IP multicast mechanisms provide efficient bandwidth consumption and distribution of high volume contents such as audio/video streaming, audio/video-on-demand and file sharing to multiple users. To commercially deploy multicast services in next generation networks it is important for Network Providers (NPs) to be able to control user access to the multicast content and to be able to account the multicast usage. This chapter compares some of the existing security mechanisms and highlights their inadequacies for providing efficient multicast security. The chapter then describes an AAA framework for IP multicast, which combines the IETF MSEC architecture with efficient AAA techniques to provide secure multicast content and to enable NPs to authenticate, authorise and provide efficient access control of end users requesting multicast content. This AAA framework also supports both post-paid and pre-paid accounting of users and allows the monitoring of session information like session duration and data volume for each multicast session.
When an end user wants to access multicast content, he or she needs to send an Internet Group Management Protocol (IGMP) (Cain, 2002) Join message to its next hop router. Upon receiving the request, this router uses a multicast protocol such as Protocol Independent Multicast (PIM) (Estrin, 1998) for setting up a distribution tree so that the multicast data can be routed from the source to the receiver. As stated by Cain (2002), joining a multicast group is an “unprivileged operation”, or in other words, in standard multicast operation, any end user (i.e. host device) is allowed to join any multicast group and gain access to multicast traffic without authentication. This implies that there is not a single mechanism defined to restrict access of the multicast traffic only to an authenticated and authorised set of users, or to inhibit un-authenticated users gaining access to multicast traffic, which are meant only for a specific user group. Hence NPs cannot limit or control the access to the multicast content making it impossible to account the users for their multicast service usages. In addition, these protocols do not enable the sender i.e. the Content Provider (CP) to know who is accessing the multicast data at any given time. Hence the sender cannot account users for the multicast usage, leading to an unclear business model for both the NP and the CP (Savola, 2005).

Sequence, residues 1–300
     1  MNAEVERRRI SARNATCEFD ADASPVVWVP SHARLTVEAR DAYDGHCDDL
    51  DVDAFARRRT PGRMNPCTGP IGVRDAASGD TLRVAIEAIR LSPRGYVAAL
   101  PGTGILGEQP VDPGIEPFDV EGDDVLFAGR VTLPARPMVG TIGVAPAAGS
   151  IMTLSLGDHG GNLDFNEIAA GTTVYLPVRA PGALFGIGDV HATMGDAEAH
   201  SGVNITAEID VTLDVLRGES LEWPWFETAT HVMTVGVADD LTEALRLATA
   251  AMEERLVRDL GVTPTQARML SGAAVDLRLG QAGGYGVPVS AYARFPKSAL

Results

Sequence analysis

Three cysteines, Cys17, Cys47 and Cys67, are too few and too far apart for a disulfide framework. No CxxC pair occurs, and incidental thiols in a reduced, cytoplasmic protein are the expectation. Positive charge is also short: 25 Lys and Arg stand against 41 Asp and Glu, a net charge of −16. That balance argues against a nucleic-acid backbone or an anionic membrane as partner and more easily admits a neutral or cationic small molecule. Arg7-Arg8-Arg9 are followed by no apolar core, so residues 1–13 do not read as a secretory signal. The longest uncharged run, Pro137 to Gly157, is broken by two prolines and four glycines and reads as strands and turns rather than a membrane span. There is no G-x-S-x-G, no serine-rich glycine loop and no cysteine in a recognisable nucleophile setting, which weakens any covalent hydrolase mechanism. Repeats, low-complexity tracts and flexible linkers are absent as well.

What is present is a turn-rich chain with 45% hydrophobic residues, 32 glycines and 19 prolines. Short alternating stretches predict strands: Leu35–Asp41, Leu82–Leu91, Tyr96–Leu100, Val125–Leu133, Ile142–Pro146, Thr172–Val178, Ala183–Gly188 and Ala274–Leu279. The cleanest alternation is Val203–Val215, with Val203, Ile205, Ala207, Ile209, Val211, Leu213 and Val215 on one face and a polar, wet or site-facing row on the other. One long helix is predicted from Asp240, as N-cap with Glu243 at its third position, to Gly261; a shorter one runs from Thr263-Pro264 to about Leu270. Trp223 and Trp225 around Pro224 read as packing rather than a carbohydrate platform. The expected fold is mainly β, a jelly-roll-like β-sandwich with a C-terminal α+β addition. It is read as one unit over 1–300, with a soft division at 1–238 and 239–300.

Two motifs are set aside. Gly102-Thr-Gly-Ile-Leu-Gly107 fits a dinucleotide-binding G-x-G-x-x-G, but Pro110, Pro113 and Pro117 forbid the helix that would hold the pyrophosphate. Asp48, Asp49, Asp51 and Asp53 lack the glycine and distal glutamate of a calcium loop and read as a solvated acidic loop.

The traditional method of providing any form of accounting for multicast services is to associate it with security. In this mechanism, the multicast content is encrypted by the CP before transmission and the users who require access to this content have to request the security keys from the CP to decrypt the transmitted content. The CP may then charge these users to disclose the security keys to them. Though this provides a simple method in which the CP may charge users accessing the multicast content, it is merely a method to charge users once for providing the keys. This method does not provide the flexibility offered by standard Authentication, Authorisation and Accounting (AAA) protocols to allow access control by the NP, nor does it provide time and/or volume based pre-paid and post-paid charging. The Group Security Association and Key Management Protocol (GSAKMP) (Harney, 2006) and the Group Domain of Interpretation (GDOI) (Baugher, 2003) multicast security protocols based on the multicast security architecture (Baugher, 2005) defined by Internet Engineering Task Force (IETF) Multicast Security (MSEC) working group also use this traditional method for securing the multicast traffic. The biggest drawback with such a mechanism is that only the CP has the ability to control and charge the users. In a distributed architecture, the NP to which the user may be connected, has no control on the multicast usage and hence cannot charge the user for their network usage, making IP multicast service provision unattractive to the NP for commercial deployment. Since the NP has no control, a malicious user may send an IGMP Join message to join any multicast group with the intention to launch a Denial-of-Service attack.
Key Terms in this Chapter
EAP: Extensible Authentication Protocol.
GSAKMP: Group Security Association and Key Management Protocol.
PIM: Protocol Independent Multicast.
CHAP: Challenge handshake Authentication Protocol.
GDOI: Group Domain of Interpretation.
CP: Content Provider.
AAA: Authentication, Authorisation and Accounting.
DR: Designated Router.
ACS: Access Control Server.
EAPoL: EAP over LAN.
NAS: Network Access Server.
RADIUS: Remote Authentication for Dial-in User Service.
GCKS: Group Controller and Key Server.
PAP: Password Authentication Protocol.
IETF: Internet Engineering Task Force.
IGMP: Internet Group Management Protocol.
PAE: Password Authenticated Exchange.
TTLS: Tunnelled Transport Layer Security.
TLS: Transport Layer Security.
OPNET: Optimised Network Engineering tool.
MSEC: Multicast Security.
SAKE: Shared-secret Authentication and Key Establishment.
IGAP: Internet Group membership Authentication Protocol.
WLAN: Wireless Local Area Network.